I also think that Sonnet 123 which is written to Time, also gives a great image of the stability of love by comparing it to the pyramids. He will defy time and be true to love " despite thy scythe and thee." Time's scythe of course is death and Shakespeare's love will last beyond it.
In a different way, I think Sonnet 130 also gives an image of love's stability. Here, Shakespeare is saying that his love looks, sounds, and smells nothing like the romantic ideals of his age,"and yet, by heaven, I think my love as rare/as any she belied with false compare." Shakespeare says his love for this woman is stronger and more lasting than any flowery false comparisons he could make about her. He is not going to follow the fashion of romantic love. There is more to this woman than her external changing characteristics and this unchanging part of her is what he loves.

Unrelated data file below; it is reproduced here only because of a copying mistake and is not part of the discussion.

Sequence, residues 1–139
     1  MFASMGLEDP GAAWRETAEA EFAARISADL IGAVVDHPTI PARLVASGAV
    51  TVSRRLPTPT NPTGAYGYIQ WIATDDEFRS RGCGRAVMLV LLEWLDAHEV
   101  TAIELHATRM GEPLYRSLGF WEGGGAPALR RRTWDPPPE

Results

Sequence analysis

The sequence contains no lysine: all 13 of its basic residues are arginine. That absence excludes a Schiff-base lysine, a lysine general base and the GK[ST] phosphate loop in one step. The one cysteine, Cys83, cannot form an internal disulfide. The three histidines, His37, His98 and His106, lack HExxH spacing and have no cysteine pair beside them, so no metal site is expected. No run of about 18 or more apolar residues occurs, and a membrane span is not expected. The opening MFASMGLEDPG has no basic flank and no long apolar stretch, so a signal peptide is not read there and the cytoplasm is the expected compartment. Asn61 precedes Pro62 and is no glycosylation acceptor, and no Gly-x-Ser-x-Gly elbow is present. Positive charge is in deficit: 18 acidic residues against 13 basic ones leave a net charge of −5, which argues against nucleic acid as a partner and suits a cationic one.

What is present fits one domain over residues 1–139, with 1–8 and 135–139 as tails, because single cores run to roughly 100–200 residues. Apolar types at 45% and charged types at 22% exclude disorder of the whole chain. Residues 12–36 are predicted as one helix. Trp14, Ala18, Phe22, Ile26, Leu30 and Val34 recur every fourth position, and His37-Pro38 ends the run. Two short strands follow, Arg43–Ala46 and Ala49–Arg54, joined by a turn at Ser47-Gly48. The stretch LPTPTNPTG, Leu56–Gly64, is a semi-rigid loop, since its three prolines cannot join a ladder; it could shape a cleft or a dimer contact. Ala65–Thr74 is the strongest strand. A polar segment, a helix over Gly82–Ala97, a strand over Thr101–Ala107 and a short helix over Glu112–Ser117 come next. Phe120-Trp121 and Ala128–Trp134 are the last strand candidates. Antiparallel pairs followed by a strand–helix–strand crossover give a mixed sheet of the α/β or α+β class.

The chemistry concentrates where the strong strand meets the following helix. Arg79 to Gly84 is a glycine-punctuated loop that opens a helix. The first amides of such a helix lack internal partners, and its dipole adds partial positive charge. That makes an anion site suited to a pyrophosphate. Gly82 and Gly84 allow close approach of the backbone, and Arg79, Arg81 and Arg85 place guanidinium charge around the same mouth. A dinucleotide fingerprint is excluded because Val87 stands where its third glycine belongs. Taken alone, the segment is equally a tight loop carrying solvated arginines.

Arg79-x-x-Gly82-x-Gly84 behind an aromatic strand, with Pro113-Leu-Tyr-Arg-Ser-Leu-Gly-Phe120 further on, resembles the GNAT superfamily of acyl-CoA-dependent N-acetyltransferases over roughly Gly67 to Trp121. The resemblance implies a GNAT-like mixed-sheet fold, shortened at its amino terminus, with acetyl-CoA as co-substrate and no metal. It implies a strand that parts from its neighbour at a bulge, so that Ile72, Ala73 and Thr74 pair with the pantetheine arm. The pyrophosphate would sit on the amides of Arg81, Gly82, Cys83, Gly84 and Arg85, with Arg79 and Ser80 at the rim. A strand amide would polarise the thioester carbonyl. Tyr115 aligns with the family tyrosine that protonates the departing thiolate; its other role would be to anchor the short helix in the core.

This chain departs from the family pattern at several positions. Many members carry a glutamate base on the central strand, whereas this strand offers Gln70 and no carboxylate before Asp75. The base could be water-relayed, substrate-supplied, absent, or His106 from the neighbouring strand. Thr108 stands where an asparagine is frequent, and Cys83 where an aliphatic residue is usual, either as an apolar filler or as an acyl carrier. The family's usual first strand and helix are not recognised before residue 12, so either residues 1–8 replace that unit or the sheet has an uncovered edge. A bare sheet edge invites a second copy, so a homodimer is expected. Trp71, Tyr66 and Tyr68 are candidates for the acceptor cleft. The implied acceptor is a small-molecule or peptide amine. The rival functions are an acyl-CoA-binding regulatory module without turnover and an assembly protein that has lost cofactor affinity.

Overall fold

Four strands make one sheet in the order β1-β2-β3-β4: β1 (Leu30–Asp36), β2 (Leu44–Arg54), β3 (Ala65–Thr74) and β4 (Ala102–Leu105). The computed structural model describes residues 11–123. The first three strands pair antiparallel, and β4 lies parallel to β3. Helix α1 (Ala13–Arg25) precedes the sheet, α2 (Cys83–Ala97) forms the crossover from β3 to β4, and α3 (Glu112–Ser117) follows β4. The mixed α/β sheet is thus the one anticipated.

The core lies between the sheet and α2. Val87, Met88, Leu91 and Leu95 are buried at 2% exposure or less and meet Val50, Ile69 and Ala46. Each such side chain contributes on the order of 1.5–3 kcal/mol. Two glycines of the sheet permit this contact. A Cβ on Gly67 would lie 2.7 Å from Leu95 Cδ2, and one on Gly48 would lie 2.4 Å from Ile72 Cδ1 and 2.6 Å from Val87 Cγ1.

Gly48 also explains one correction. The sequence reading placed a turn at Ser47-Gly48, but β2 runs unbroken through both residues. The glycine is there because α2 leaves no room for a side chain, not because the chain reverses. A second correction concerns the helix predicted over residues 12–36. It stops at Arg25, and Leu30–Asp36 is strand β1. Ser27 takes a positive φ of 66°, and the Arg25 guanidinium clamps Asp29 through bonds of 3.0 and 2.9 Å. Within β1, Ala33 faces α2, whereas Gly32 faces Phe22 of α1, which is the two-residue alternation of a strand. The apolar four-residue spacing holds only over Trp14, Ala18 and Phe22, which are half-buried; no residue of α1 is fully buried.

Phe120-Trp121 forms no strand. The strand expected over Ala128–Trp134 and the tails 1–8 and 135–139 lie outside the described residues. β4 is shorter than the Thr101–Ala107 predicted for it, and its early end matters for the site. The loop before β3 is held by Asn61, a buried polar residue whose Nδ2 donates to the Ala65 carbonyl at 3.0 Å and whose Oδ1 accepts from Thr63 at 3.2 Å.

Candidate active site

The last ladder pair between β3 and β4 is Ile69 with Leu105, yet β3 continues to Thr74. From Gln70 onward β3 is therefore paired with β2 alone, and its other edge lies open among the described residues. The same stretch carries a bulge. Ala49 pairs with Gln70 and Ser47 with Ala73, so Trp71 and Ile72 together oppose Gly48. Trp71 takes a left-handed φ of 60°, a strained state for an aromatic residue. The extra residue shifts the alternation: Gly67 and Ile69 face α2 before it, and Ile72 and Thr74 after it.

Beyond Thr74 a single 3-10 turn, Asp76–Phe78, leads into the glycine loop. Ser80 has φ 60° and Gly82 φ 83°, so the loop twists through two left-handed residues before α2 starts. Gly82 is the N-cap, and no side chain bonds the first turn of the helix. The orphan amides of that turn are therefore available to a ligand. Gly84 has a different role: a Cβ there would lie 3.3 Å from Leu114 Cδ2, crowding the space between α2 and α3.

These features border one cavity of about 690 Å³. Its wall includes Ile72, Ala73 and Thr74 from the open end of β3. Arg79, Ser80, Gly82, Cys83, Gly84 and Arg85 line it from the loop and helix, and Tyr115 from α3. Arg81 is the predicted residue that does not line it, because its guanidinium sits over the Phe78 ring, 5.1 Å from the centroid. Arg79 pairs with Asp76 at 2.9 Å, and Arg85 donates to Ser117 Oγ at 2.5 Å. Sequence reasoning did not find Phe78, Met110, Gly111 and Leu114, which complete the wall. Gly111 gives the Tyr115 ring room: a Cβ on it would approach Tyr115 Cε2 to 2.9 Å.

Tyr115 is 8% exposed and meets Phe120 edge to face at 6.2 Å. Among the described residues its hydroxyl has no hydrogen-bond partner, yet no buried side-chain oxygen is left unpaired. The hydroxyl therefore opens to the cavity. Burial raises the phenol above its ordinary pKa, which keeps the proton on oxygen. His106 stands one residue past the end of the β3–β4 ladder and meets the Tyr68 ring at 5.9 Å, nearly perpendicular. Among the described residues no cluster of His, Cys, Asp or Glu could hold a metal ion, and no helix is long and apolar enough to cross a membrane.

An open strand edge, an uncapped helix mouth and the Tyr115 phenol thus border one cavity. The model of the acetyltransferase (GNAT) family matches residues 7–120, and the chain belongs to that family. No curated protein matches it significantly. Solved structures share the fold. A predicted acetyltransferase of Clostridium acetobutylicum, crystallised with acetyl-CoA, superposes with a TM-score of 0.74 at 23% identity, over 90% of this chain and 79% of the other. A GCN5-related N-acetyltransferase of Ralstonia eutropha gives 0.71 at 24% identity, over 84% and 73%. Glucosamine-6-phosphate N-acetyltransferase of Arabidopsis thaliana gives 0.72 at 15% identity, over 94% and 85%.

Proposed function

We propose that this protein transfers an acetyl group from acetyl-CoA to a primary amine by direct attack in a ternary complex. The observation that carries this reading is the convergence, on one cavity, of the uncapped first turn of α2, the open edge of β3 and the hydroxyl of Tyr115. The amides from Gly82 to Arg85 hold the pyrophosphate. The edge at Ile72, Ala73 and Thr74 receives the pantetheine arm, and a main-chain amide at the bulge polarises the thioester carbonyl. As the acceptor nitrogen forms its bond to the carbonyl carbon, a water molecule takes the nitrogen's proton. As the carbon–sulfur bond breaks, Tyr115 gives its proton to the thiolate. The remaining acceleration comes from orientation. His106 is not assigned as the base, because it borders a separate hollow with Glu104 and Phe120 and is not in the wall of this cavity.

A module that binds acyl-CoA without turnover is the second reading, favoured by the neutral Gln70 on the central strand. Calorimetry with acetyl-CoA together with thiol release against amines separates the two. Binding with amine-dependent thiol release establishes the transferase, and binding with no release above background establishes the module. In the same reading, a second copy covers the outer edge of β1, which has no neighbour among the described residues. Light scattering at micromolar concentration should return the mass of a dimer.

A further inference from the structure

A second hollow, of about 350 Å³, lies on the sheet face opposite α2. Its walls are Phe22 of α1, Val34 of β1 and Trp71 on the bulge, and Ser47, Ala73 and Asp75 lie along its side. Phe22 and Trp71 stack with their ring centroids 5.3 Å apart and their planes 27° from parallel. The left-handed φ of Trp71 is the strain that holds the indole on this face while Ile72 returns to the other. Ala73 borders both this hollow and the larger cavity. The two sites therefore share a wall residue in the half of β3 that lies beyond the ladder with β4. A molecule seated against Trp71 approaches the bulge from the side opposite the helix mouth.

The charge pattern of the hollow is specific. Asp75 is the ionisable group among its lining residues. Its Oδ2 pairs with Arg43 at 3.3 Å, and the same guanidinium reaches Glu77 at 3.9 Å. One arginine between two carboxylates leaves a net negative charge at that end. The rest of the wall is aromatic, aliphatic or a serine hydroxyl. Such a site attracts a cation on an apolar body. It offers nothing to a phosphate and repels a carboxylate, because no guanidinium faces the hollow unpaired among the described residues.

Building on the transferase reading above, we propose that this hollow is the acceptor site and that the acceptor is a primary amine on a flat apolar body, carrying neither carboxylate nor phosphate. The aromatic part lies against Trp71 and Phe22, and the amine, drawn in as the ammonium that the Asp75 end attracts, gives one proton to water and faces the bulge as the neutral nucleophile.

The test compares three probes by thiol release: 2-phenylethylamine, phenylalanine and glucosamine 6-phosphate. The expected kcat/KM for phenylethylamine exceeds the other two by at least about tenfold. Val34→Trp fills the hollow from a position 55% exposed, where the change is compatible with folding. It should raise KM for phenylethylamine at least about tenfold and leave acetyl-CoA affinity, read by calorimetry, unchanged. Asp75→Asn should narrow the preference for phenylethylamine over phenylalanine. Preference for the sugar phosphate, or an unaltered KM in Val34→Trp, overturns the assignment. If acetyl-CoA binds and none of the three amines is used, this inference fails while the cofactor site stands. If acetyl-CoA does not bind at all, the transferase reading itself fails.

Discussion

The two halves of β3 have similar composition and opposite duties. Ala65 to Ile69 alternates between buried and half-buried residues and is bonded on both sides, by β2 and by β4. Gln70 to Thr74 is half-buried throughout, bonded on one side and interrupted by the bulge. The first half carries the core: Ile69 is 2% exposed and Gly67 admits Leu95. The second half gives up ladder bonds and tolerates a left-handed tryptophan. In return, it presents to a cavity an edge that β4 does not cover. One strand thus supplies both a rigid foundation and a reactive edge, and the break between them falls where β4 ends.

There are a number of images of true love's stability in the sonnets. Some of them deny its stability; some celebrate it.
The two most famous are probably found in sonnet 18 and sonnet 116.
Sonnet 18 starts "Shall I compare thee to a summer's day?
Thou art more lovely and more temperate"
and ends with "
So long as men can breathe, or eyes can see,
So long lives this, and this gives life to thee. "
These claim the beloved's beauty does not change like the seasons, and that the poet's love will outlast time and vision.
In sonnet 116, Shakespeare says of love "It is the star to every wandering bark," saying that love is so steady you can steer a boat by it.